Bringing QA expertise to help assure medical device embedded software quality while complying with IEC 62304

Overview of Bringing QA expertise to help assure medical device embedded software quality while complying with IEC 62304

I’d like to thank the team for the release 6.0. This version is a big achievement. It is the first version of the software that uses different components and links different machines from different sites. Let’s go for version 7.0!

The client is a global leader in blood component, therapeutic apheresis, and cellular technologies. The corporation’s main activities are development, manufacturing, export, import, marketing, and distribution of medical devices, supplies, and accessories.

The tested product is a dedicated system intended to collect, store, and process session data from blood transfusion devices (4 of them) that can be connected to the client’s local area network (LAN).

This connection allows viewing and analyzing the gathered data, adapting the device/parameter settings via the customer’s PC, and bi-directional communication with third-party systems linked to the same LAN.

The IT solution consists of 3 applications: the web server application (WSA), the device assistant application (DAA), and the updater.

WSA is responsible for:

  • Presentation (UI)
  • Application configuration
  • Data access
  • Log files management.

DAA is responsible for:

  • Device communication
  • Workflow execution
  • Data access
  • Database backup, mirroring, and maintenance
  • Import data from external sources
  • Default devices settings initialization
  • Log files management.

Updater is responsible for:

  • Updating WSA and DAA files
  • Self-updating.

To ensure software compliance with a range of international security standards established for healthcare-related products, the client turned to a1qa to face the challenge.

As the software was embedded in a medical device, its development and testing should comply with the IEC 62304 standard. It provides a list of tasks and activities that support the safe design and maintenance of medical device software. The goal is to ensure the app does what is intended without causing any unacceptable risks.

Within the IEC 62304 regulation, the IT product is assigned with the safety class according to the possible effects on the patient, operator, or other people resulting from a hazard (being a potential source of harm) to which the system can contribute.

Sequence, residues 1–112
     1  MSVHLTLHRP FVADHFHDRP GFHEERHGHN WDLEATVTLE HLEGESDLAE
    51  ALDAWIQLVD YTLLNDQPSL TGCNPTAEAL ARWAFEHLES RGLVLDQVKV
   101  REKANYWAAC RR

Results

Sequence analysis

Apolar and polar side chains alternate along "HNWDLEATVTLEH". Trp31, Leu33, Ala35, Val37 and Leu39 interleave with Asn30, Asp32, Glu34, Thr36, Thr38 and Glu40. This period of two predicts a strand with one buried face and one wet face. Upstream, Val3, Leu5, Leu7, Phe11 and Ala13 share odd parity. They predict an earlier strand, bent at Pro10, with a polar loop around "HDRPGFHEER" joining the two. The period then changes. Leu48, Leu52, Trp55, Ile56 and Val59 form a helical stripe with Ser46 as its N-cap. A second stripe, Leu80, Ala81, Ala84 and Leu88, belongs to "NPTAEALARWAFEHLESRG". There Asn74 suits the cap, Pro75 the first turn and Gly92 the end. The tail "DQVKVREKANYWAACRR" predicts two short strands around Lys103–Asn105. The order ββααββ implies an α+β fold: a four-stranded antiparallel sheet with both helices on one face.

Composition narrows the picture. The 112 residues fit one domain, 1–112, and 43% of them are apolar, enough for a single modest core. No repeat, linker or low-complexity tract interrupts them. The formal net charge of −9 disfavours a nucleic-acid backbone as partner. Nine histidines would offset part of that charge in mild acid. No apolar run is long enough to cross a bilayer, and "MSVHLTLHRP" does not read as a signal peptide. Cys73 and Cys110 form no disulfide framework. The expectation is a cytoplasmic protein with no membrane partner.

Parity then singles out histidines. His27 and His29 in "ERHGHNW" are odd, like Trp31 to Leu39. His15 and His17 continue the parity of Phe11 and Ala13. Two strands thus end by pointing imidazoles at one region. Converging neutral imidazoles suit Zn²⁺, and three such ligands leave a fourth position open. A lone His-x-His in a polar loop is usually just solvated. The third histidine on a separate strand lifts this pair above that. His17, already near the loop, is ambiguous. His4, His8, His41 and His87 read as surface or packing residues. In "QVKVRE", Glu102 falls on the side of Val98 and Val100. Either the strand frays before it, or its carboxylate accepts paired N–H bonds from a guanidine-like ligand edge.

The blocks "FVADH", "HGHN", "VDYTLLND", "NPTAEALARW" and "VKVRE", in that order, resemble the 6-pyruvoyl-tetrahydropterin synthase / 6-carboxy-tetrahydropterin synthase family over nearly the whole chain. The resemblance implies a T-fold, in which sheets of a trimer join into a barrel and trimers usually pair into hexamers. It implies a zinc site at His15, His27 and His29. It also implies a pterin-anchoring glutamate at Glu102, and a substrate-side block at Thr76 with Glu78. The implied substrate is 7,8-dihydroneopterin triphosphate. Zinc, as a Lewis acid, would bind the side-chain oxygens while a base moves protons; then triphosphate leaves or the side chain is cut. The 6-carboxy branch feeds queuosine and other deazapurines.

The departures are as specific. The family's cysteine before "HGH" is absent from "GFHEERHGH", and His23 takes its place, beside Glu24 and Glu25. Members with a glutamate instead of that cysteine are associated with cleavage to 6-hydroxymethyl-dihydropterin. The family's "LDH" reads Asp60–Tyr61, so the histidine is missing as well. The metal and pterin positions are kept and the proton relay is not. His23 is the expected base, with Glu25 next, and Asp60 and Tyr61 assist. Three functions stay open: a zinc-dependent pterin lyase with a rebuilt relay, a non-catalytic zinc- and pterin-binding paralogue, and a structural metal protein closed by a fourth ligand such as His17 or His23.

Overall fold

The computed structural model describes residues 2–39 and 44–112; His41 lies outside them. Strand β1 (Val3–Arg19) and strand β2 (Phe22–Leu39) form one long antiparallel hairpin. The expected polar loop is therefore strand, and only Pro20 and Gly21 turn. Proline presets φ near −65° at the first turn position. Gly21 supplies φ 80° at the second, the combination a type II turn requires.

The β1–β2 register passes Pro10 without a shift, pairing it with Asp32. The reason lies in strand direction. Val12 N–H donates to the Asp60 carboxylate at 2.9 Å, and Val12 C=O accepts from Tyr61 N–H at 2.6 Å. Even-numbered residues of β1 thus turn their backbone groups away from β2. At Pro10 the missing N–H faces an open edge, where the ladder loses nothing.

The software safety classes shall initially be assigned based on severity as follows:

  • Class A: No injury or damage to health is possible
  • Class B: Non-SERIOUS INJURY is possible
  • Class C: Death or SERIOUS INJURY is possible.

The IT solution under test is assigned with the safety class C, and it places a heavy burden on the QA team. Helping assure the quality of software that may lead to such severe consequences is highly challenging and responsible, it requires complete attention from QA engineers. The stakes are too high to let a bug make it into the production.

One AI application for bringing QA expertise to assure medical device embedded software quality while complying with IEC 62304 is the use of machine learning algorithms for automated testing and validation. These algorithms can be trained to identify potential issues and bugs in the software, allowing for more comprehensive and efficient testing processes. Additionally, natural language processing (NLP) models can be utilized to analyze and interpret regulatory requirements, ensuring that the software complies with the standards outlined in IEC 62304. Furthermore, AI-powered anomaly detection systems can monitor the behavior of the software in real time, flagging any deviations from expected performance and functionality. This proactive approach can help to mitigate risks and ensure the reliability and safety of medical device software.